This paper will focus on the ways in which the central state over the past forty years has attempted to further its national energy, infrastructure, and transportation goals often over the objections of local citizens movements. In order to construct the airports, dams, nuclear power plants, and waste dumps so necessary for advanced industrial societies as a whole but so unwanted by their neighbors, the Japanese state has developed a range of methods and strategies, from coercive to voluntary, to further what state authorities see as the national interest over what is often branded as "local egoism."

2) Wilhem Vosse, International Christian University. "Japanese Civil Society Revisited"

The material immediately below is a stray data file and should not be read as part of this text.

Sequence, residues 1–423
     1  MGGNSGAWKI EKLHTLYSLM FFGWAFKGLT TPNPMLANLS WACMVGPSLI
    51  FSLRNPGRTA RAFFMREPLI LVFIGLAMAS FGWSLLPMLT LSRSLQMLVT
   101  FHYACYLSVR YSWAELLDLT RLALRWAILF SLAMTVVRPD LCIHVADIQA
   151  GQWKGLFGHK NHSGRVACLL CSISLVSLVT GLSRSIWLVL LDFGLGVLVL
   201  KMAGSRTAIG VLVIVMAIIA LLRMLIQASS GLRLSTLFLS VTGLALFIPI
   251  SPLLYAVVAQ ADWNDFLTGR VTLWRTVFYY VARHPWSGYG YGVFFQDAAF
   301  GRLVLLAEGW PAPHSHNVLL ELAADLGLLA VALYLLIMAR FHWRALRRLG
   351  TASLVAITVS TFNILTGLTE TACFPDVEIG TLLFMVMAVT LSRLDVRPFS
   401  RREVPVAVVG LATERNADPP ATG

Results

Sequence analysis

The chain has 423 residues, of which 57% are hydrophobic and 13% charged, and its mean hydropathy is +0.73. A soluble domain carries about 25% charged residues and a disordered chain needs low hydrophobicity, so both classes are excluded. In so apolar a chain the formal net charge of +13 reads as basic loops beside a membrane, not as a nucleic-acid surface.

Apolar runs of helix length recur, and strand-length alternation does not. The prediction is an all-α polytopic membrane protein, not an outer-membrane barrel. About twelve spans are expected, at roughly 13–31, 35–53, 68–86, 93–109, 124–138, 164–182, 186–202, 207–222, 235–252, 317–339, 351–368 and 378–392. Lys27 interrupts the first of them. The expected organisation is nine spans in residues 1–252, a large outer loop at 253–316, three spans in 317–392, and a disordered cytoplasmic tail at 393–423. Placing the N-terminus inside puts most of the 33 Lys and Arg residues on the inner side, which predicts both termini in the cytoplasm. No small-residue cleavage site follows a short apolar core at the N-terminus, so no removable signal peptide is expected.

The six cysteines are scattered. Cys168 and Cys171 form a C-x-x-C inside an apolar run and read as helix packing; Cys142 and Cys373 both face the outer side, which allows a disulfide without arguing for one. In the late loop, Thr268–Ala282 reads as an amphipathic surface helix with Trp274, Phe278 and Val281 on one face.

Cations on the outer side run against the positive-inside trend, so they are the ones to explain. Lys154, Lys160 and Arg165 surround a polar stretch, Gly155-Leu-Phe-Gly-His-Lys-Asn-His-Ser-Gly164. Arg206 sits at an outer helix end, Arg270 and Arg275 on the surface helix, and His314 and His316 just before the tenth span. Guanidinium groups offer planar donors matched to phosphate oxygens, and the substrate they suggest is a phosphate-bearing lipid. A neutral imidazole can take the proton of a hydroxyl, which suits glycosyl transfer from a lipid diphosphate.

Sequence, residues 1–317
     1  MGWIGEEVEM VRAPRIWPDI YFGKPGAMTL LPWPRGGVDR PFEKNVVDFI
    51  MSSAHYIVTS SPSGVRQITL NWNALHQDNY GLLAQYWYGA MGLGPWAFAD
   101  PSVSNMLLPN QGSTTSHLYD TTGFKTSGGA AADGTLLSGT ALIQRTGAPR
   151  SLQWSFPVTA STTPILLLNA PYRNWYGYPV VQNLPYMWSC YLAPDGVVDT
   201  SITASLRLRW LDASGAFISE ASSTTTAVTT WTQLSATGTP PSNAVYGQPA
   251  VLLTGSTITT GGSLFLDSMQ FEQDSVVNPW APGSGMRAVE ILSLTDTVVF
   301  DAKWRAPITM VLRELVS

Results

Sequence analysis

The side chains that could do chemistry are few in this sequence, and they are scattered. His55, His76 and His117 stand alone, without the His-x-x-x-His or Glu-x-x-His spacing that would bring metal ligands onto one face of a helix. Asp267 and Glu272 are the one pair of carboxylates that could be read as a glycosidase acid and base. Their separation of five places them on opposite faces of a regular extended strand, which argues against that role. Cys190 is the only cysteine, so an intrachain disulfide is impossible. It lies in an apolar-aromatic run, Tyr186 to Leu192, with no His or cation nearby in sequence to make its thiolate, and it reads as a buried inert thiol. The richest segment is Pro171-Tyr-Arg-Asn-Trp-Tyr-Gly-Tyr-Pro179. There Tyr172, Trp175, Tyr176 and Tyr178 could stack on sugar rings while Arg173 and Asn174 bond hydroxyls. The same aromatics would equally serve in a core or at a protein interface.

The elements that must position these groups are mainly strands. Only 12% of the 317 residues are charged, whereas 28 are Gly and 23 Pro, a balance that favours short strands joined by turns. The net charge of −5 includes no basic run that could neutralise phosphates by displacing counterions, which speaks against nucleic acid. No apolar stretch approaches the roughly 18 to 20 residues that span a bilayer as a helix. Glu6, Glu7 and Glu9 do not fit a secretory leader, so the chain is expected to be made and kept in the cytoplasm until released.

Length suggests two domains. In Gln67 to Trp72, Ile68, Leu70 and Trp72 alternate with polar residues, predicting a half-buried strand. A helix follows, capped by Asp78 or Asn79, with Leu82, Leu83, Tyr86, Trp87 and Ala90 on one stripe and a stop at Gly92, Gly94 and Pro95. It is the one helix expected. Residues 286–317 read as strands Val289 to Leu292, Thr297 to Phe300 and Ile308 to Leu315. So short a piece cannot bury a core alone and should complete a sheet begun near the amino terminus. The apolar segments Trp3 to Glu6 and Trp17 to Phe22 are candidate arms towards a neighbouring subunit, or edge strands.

For Japan, the end of the Cold-War era involved not only the end ofthe bubble economy and collapse of the LDP's one party rule, but also the beginning of a shift in the relationship between state and society toward a strengthening of a civil society. Many analysts argue that the 1990s saw an increase in civic engagement in social movements, a wave of volunteer movements particularly after the Hanshin earthquake in 1995, an unprecedented wave of referenda and lawsuits, and the improvement of the legal recognition process for Nonprofit Organizations (NPOs). This paper will take a closer look at this argument and the current state of civil society in Japan. It will (1) question the widely-held belief that associational groups and organizations strengthen civil society per se (Robert Putnam), and then (2) argue against conceptualizations of civil society that do not distinguish between civil society organizations and civil society itself. The paper will make the case for (3) a re-evaluation of citizen-state relations in Japan by using a civil society concept that emphasizes the public sphere and discourse democracy. The paper will ask to what extent Japanese NPOs and citizens' movements have in the last ten years contributed towards this end, and whether Japanese society and politics has actually begun to embrace open debates, the disclosure of information, and the use of mainstream and alternative media.